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GUESTBLOG: When Accra’s Cinemas Got Consumed By Churches

- Written by Sabukie Osabutey

Faith versus entertainment, he pointed out? I was amazed at the revelations that got me enthused by the whatsapp group conversation after I asked a simple question “Please, does anyone know names of the old cinemas in Accra?’’

Before this question, my friend and I had a discussion about cinemas in Africa. As a film director and distributor, he told me Nigeria has about twenty cinemas and counting, and my home country I guess has less than the number of fingers mounted on my left hand. For about ten minutes we kept on debating on cinemas and its greatest relevance not only to the film industry but to the economy of a country.

During the debate, I raised a point stating that, Nigeria’s size and population is a major contribution to the growth of its film industry and Ghana’s film industry is struggling because it lacks adequate cinemas and the few ones available are enjoying one-hundred percent monopoly. After the debate I realized Ghana’s population size is not the problem but the economy is, the economy provides peanut support to the film industry. “What happened to the one district one cinema campaign?”, I questioned Wadaada a character in Togbe Gavua’s “Lucky” and a strong actor who has defied all odds to still make it in the Ghanaian film industry. Ghanaian filmmakers I would say, have zero protection rights on their intellectual property. Politicians and some members of the elite class would rather spend their time and lots of Ghana Cedis servicing their huge vehicles which should be used on farm lands. Ah well, who am I to tell you what to use your Ghana cedis for? Anyway, I am yet to meet a Ghanaian film investor.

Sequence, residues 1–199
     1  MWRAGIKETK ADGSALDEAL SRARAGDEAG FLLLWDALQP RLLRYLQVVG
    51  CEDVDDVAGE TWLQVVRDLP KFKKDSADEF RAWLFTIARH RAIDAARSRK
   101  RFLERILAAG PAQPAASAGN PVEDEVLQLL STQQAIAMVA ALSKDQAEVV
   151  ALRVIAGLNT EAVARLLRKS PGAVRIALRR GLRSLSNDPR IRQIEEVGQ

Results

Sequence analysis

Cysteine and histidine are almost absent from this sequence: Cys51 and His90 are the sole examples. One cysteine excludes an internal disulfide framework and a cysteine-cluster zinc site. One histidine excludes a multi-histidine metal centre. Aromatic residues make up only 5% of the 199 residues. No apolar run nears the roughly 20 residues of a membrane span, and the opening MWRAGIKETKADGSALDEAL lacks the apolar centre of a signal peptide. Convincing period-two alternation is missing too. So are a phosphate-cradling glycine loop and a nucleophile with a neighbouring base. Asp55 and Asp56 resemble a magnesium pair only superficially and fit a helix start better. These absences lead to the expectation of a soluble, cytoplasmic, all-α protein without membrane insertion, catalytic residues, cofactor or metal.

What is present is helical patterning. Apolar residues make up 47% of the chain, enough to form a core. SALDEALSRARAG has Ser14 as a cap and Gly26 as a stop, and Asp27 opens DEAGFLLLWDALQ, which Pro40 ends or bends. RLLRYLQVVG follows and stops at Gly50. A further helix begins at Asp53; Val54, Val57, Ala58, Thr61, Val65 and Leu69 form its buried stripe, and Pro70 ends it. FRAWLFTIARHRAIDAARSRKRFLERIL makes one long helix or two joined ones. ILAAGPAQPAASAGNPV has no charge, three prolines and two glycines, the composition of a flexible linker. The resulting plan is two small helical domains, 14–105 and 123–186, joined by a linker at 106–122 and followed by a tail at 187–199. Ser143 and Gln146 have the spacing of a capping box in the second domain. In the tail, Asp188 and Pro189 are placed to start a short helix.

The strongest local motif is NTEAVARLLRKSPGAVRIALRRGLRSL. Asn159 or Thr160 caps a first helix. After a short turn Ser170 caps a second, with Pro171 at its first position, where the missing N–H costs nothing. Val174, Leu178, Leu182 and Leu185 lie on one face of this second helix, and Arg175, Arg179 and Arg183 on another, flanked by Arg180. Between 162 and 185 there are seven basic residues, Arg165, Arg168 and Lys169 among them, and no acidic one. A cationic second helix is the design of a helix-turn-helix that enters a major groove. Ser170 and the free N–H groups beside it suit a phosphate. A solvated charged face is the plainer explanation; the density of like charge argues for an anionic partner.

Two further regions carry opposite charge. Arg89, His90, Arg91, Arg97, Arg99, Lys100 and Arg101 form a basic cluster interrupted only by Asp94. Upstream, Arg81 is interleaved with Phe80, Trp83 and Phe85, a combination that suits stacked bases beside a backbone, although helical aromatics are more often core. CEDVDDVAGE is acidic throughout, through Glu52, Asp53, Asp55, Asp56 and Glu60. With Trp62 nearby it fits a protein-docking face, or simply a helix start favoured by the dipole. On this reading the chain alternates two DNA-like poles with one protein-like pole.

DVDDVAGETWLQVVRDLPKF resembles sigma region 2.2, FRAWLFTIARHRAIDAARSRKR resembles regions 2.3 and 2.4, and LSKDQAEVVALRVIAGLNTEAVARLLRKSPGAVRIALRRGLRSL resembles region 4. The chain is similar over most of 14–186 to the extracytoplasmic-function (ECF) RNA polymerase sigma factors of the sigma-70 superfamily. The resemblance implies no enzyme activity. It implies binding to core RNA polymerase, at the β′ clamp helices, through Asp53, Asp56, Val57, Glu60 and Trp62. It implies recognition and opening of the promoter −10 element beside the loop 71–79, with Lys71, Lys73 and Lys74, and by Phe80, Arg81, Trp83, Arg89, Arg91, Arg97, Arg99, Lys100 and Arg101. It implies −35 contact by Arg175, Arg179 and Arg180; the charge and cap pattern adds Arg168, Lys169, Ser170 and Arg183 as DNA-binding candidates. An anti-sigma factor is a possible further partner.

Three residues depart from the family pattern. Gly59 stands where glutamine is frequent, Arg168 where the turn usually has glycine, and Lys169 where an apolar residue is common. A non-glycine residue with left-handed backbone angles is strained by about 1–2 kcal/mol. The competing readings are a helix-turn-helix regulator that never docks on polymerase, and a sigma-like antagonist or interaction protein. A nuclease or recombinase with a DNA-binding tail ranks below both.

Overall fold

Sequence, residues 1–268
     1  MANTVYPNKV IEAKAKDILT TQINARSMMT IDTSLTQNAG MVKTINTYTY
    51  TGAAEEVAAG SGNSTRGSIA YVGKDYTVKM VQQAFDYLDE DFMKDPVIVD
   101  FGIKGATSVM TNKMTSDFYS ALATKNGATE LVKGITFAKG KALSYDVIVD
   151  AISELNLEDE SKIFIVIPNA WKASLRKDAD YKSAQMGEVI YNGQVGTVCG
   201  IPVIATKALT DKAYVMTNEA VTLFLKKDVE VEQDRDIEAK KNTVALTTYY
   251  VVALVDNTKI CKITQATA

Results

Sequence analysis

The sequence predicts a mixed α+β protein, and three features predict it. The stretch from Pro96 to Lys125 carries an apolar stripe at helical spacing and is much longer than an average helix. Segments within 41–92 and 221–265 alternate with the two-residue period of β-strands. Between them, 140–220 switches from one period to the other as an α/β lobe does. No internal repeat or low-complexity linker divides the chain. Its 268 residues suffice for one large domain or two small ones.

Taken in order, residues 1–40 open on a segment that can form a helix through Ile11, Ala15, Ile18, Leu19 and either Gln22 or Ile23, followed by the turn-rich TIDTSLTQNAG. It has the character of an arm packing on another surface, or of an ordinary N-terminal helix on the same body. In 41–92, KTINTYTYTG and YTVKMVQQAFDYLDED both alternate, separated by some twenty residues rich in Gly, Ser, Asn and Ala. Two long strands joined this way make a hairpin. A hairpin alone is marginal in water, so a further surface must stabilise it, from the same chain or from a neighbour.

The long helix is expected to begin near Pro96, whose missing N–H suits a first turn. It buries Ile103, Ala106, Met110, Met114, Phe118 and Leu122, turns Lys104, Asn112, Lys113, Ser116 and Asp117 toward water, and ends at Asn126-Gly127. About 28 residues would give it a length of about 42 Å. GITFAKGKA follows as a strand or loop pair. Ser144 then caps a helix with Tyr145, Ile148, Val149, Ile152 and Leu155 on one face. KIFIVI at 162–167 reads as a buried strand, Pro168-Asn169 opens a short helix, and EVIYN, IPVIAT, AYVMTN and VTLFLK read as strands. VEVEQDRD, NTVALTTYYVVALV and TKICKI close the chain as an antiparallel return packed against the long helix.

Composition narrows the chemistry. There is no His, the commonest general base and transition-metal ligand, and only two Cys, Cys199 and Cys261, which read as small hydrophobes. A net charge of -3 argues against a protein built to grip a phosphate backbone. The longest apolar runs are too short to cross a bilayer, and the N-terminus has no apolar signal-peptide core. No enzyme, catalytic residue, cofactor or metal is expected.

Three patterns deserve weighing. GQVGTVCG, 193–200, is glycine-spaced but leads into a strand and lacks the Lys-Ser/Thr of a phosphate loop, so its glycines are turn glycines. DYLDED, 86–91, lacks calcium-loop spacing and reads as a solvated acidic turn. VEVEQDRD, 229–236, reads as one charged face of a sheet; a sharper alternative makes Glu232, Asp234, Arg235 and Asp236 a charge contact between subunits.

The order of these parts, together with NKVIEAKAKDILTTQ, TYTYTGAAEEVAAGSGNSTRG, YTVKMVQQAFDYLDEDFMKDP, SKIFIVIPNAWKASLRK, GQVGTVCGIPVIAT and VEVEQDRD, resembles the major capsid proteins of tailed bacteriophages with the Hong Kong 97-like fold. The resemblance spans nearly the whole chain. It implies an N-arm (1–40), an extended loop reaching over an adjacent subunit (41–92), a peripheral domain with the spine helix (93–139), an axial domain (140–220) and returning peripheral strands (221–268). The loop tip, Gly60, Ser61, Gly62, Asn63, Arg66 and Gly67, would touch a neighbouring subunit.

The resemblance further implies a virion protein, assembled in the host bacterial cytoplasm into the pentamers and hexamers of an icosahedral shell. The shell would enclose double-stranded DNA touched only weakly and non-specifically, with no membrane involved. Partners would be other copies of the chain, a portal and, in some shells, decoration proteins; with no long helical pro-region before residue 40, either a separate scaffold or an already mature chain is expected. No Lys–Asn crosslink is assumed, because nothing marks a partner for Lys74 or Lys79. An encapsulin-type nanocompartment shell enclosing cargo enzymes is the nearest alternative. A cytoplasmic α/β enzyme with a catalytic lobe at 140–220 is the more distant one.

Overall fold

Growing up in Accra I remember my Uncle worked in a popular cinema which was down the street from my Grandma’s home, that same spot which held the cinema is now a popular waakye spot. My Dad told me how they marched to the cinemas when a popular action movie was showing. My mom dramatized about how she and her ‘girls-girls’ will dress up lavishly just to go watch a movie in her heydays. “Wo yaa kw3 ceni”, she said in Ga.

I realized the relevance of cinemas when I got into filmmaking. For five years now, I have only been a screenwriter and a director of my stories in my head. Let me just move to the big question, where are all the cinemas along the streets of Opera square, Tudu and the small ones in “lungu lungu” places in old Adabraka?

Presently, majority of these cinemas are owned by churches and the rest are now banking squares and mini marts. A friend stated in the whatsapp group “The advent of VHS tapes, smaller less capital intensive video houses started popping up everywhere and dominated their markets, and for many turning the cinema auditorium into real estate market for such spaces happened to be the quickly mushrooming post Pentecostal churches and this  happened mainly during the 80’s and 90’s, when night life in Accra after watching a movie with your ‘jorleywas just as wonderful as gulping down a freezing burglar of club beer and extra spicy barbecued ‘too loo somewhere in  Osu kinkawe with Amadzeba’s Dede playing in the background.”

Did the church come to steal away our joy or another contribution to the evangelistic campaigns in the trotro’s and the pavements of Kaneshie market?

A question for the gods of Jakpata!

Sabukie Osabutey

Written by, Sabukie Osabutey (Filmmaker, Screenwriter)

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